Jude Nosek from Keson Industries joins the show to share how the company leverages sales rep relationships to grow their market share.
More About This Show
The Smarter Building Materials Marketing podcast helps industry professionals find better ways to grow leads, sales and outperform the competition. It’s designed to give insight on how to create a results-driven digital marketing strategy for companies of any size.
In this episode, Zach and Beth talk to Jude Nosek, Vice President of Marketing and Product Development at Keson Industries.
Judes shares how building materials manufacturers can improve their relationships with rep agencies and maximize their return on this investment.
About Keson Industries
Keson is a manufacturer and distributor of high quality measuring and marking tools. They currently sell in the North American marketplace, with a primary focus on professionals.
Throughout the U.S. and Canada, the company has five or six national sales managers who are internal employees that handle a specific geographic region.
Outside of that, Keson also partners with a series of agencies around the country, for a total of more than 60 independent sales reps.
In addition to serving as Vice President of Marketing and Product Development, Jude also handles the western and Canadian agencies to make sure they have the tools they need to sell on behalf of the company.
Jude admits that it’s difficult for a rep agency to sell as well as a company's internal sales team. The major challenge in working with an agency is that they have anywhere from 7 to 12 brands vying for their time and attention (and sometimes more).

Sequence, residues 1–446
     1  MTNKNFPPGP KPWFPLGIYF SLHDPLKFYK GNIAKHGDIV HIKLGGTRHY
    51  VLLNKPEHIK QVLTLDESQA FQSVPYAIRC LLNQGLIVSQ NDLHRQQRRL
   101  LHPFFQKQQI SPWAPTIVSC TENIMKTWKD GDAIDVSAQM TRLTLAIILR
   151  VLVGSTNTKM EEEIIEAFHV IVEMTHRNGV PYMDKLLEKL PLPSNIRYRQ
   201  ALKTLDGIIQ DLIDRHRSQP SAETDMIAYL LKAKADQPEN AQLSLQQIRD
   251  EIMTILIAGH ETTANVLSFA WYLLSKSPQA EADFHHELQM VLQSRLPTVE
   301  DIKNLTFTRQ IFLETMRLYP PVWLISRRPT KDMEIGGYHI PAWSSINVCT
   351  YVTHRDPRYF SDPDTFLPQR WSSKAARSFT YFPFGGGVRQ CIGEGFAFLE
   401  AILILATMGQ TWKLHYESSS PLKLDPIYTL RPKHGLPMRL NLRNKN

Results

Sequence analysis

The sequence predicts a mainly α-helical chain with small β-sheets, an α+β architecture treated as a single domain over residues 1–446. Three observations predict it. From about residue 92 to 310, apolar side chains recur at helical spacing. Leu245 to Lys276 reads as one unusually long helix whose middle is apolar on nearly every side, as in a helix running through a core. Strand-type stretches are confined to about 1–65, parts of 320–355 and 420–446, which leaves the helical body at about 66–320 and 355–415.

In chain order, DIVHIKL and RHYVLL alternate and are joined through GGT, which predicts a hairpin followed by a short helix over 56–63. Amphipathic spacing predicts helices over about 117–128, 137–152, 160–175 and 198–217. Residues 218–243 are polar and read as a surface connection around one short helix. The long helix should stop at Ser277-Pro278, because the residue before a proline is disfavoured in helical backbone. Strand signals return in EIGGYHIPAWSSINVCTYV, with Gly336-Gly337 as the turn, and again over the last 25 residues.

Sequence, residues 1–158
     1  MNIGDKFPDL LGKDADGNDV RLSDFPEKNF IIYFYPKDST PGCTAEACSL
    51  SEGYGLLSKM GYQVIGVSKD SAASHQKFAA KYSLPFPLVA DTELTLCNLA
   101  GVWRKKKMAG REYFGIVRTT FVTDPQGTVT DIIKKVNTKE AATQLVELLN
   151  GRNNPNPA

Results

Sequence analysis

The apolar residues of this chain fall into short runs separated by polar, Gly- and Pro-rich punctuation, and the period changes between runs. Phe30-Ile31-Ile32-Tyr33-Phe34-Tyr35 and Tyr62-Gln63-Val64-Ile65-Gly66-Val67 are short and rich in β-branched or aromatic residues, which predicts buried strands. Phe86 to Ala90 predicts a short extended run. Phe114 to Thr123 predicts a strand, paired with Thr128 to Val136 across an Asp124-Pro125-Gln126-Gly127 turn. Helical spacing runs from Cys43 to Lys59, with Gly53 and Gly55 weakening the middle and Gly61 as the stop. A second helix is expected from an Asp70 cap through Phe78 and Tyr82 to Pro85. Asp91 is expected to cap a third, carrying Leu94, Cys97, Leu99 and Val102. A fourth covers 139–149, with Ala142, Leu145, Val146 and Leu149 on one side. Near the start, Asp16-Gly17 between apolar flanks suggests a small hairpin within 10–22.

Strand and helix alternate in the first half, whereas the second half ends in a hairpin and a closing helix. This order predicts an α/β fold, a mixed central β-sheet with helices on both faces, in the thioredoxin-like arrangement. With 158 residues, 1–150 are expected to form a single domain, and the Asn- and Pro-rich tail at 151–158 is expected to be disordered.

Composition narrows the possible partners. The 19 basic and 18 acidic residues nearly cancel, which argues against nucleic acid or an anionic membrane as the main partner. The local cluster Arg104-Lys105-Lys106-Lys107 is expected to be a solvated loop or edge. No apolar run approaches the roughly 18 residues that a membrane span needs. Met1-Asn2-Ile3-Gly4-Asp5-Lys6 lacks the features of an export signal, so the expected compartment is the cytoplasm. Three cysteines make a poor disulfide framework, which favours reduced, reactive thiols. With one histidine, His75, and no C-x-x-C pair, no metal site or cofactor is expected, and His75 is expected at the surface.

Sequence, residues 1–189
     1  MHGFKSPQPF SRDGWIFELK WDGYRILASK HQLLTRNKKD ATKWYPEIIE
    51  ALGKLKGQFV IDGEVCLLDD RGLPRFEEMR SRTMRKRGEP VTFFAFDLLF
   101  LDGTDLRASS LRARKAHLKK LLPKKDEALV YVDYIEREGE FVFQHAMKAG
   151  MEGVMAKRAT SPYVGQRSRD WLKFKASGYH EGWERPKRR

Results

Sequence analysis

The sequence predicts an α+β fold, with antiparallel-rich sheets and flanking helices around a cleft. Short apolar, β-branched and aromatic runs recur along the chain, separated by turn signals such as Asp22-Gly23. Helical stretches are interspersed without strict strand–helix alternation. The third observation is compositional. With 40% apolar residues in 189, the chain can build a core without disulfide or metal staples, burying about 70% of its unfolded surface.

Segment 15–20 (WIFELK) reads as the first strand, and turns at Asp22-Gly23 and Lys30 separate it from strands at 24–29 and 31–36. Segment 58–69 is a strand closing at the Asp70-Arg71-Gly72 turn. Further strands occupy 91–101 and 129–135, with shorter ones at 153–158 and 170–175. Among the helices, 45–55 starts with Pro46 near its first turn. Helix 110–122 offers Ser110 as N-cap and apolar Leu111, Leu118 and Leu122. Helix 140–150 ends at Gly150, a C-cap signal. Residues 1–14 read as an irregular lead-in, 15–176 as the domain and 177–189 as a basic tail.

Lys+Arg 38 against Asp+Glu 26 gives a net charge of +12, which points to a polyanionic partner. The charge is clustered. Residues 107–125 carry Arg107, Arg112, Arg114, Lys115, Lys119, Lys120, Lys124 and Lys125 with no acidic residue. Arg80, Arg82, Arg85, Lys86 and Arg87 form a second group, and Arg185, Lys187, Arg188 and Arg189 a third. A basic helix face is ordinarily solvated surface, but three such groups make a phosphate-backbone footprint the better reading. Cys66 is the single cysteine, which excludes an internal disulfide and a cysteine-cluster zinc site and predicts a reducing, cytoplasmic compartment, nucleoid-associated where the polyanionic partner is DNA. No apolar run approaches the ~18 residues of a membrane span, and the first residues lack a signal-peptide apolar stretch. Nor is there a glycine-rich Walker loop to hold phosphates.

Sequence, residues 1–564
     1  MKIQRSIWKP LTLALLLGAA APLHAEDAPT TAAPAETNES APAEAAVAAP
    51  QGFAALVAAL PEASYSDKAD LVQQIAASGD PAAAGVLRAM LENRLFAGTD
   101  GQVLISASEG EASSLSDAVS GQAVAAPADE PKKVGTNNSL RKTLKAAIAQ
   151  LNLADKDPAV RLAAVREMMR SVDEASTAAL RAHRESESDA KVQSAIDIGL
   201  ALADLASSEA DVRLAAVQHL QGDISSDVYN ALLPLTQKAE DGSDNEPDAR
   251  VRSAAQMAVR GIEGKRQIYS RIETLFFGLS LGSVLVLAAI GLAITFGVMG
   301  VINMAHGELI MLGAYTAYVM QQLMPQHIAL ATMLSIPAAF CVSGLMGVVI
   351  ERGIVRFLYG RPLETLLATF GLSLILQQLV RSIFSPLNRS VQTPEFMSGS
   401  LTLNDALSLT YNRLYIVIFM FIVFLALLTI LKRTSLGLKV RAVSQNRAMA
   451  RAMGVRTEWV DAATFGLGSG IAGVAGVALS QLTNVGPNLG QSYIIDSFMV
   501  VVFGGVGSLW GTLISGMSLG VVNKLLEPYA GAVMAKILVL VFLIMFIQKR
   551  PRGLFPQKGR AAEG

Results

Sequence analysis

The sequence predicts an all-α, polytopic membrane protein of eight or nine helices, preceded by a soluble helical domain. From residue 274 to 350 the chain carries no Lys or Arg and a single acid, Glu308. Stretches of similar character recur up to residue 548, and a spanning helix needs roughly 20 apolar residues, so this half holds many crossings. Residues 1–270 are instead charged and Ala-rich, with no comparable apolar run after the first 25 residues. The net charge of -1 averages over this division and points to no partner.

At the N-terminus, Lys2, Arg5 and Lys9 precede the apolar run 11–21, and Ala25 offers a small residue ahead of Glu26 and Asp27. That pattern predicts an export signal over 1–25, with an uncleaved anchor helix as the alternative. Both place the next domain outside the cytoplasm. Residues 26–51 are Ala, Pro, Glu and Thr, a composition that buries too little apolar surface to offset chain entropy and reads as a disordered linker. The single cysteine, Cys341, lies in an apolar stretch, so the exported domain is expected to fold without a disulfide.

As a building materials manufacturer, it’s important to appreciate the juggling act of an outside sales rep, who not only has to learn the personalities and sales numbers of each represented brand but is also running a business of their own.
Staying Top of Mind With Your Sales Rep
You can’t expect to have a sales rep’s top of mind awareness 100% of the time. Ideally, you want to partner with an agency representing other brands that complement your own, so they can work together and reinforce each other.
It’s important to recognize that your company is not the only thing your reps think about. A bit of humility goes a long way, so try to understand where you fit in your agency’s hierarchy and be respectful of that.
One of Keson’s rep agencies builds a grid that compares a company’s ease of doing business with the amount of money they bring in. This visual helps clients like Keson realize how easy (or difficult) they are to work with.
It’s human nature for reps to dislike doing business with brands that are difficult to partner with, so think about how you’re being viewed from the rep’s perspective as you work to maximize the relationship.
Motivation shouldn’t be your primary goal when working with sales reps. They’re already competitive by nature, so you don’t need to figure out what’s going to motivate them.
Instead, make it easy for reps to understand your product so that it’s easy to sell. By doing this, you’ll reduce their risk of failure, which is far more important than motivation.
Avoid being your own worst enemy as a manufacturer and create consistent channels of communications so your sales reps know what to expect.
When looking at manufacturers and their products, sales reps look at four key elements:
- Quality of product
- Availability of product
- How easy the manufacturer is to work with
The Benefits of Working With a Sales Agency
While you may be hesitant to hire a sales agency to rep your product, there are many advantages, especially when you pick the right partners to work with.
The first benefit is that an agent can bring your brand into an existing suite of products. Rather than selling in isolation, your product can be sold alongside complementary products. Since Keson makes measuring and marking tools, they can be sold with safety or cleaning products inside a customer’s main business, such as roofing or tiling.